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Among the many options open to FHA loan applicants is the adjustable rate mortgage or ARM loan. Some borrowers may also be tempted by the interest-only mortgage loan, also described as an I-O mortgage.

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FHA Loan Articles

News and Updates for Homeowners

Adjustable Rate and Interest-only Mortgages

March 31, 2011 - When you start searching for property to buy with an FHA guaranteed loan, you are also shopping for a home loan. Among the many options open to FHA loan applicants is the adjustable rate mortgage or ARM loan. Some borrowers may also be tempted by the interest-only mortgage loan, also described as an I-O mortgage.

There are several areas a borrower should do some homework in before committing to an ARM or I-O mortgage. The first and most obvious is the introductory period where the the loan is offered at its lowest interest rates, subject to change over the lifetime of the mortgage.

These introductory periods are used to make the loan as attractive as possible. According to the FDIC, "Many option ARMs have a 1-month or 3-month introductory period at the beginning of the loan. During this period, lenders use a lower interest rate to calculate your payments. For some I-O mortgage payment loans, this introductory period lasts 1, 3, or 5 years."

Once the introductory rate period is over, FHA ARM and FHA insured interest-only mortgages move into an interest rate adjustment period. during this time, minimum monthly payment may not increase right away, but keep in mind that any lack of increase in the monthly FHA mortgage payment doesn't change the fact that the money is owed.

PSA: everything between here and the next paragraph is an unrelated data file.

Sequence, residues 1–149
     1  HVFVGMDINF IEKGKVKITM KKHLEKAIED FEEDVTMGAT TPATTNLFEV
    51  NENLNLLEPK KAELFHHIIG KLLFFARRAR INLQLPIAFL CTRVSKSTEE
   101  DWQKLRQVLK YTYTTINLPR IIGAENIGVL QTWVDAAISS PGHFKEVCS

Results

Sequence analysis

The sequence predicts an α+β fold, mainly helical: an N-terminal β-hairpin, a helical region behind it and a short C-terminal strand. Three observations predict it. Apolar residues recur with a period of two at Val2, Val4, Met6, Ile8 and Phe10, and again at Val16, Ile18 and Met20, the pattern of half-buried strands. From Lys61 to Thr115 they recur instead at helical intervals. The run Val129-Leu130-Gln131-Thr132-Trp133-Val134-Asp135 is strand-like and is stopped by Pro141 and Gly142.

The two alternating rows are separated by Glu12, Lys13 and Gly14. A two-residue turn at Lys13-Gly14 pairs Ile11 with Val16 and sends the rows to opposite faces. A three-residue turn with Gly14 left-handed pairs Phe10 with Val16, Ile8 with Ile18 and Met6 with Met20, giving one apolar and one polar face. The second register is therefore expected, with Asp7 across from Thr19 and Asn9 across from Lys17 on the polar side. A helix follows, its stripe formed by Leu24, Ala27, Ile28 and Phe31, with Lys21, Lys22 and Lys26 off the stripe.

Some borrowers don't realize this and wind up at risk--it's smart to factor in the additional interest rate and increase their monthly payments to ward off negative amortization, where your monthly payments aren't helping whittle down your loan amount.

Eventually, there will be mortgage payment adjustments. According to the FDIC, "Most I-O payment mortgages and payment-option ARMs have payments that adjust once a year. In addition, most of the adjustments on payment-option ARMs are limited by a payment cap, usually 7.5%. Keep in mind that payment caps do not apply when your loan is recalculated at the normal recalculation period."

The payment cap sounds like a safety valve for the mortgage to keep borrowers out of trouble, but the FDIC warns, "Payment caps also do not apply if your balance grows beyond 110% or 125% of your original mortgage amount." That is one reason why it's so important to avoid negative amortization-when the amount you're paying doesn't keep up with the interest rate changes.

Borrowers considering FHA insured ARM loans or interest only payments must carefully examine the details related to interest rate adjustments, negative amortization risks and other important factors. FHA loan applicants should never make assumptions about any loan--do your research, ask as many questions as you need to make an informed choice on the loan that's best for you.